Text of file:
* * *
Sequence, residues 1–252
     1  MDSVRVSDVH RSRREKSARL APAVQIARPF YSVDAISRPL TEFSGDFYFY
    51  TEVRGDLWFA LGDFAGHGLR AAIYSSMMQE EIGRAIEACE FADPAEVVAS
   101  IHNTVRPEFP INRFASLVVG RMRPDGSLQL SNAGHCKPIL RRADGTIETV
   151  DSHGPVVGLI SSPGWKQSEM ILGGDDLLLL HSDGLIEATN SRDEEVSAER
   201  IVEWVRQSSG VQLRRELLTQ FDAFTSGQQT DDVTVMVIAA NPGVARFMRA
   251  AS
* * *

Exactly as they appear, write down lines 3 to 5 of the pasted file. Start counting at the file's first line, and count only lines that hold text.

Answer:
    51  TEVRGDLWFA LGDFAGHGLR AAIYSSMMQE EIGRAIEACE FADPAEVVAS
   101  IHNTVRPEFP INRFASLVVG RMRPDGSLQL SNAGHCKPIL RRADGTIETV
   151  DSHGPVVGLI SSPGWKQSEM ILGGDDLLLL HSDGLIEATN SRDEEVSAER